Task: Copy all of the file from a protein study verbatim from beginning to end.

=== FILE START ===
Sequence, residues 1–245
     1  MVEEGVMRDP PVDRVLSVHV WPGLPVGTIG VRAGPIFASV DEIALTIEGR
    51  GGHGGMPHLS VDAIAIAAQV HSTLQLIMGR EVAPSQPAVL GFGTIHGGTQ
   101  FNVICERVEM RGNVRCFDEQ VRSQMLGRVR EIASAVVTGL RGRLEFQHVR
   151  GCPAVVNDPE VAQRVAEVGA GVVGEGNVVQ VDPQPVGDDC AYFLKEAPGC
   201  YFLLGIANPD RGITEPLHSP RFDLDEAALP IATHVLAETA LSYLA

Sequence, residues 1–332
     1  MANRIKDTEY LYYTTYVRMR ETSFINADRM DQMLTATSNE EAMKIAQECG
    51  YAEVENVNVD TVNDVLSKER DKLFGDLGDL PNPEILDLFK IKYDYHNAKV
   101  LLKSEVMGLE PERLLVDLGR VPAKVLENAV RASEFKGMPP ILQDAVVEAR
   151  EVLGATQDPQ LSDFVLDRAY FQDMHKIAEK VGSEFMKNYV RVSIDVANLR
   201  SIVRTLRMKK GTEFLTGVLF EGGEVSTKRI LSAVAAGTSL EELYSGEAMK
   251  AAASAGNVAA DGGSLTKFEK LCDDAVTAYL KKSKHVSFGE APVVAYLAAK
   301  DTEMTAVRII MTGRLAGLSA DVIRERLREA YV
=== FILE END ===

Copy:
Sequence, residues 1–245
     1  MVEEGVMRDP PVDRVLSVHV WPGLPVGTIG VRAGPIFASV DEIALTIEGR
    51  GGHGGMPHLS VDAIAIAAQV HSTLQLIMGR EVAPSQPAVL GFGTIHGGTQ
   101  FNVICERVEM RGNVRCFDEQ VRSQMLGRVR EIASAVVTGL RGRLEFQHVR
   151  GCPAVVNDPE VAQRVAEVGA GVVGEGNVVQ VDPQPVGDDC AYFLKEAPGC
   201  YFLLGIANPD RGITEPLHSP RFDLDEAALP IATHVLAETA LSYLA

Sequence, residues 1–332
     1  MANRIKDTEY LYYTTYVRMR ETSFINADRM DQMLTATSNE EAMKIAQECG
    51  YAEVENVNVD TVNDVLSKER DKLFGDLGDL PNPEILDLFK IKYDYHNAKV
   101  LLKSEVMGLE PERLLVDLGR VPAKVLENAV RASEFKGMPP ILQDAVVEAR
   151  EVLGATQDPQ LSDFVLDRAY FQDMHKIAEK VGSEFMKNYV RVSIDVANLR
   201  SIVRTLRMKK GTEFLTGVLF EGGEVSTKRI LSAVAAGTSL EELYSGEAMK
   251  AAASAGNVAA DGGSLTKFEK LCDDAVTAYL KKSKHVSFGE APVVAYLAAK
   301  DTEMTAVRII MTGRLAGLSA DVIRERLREA YV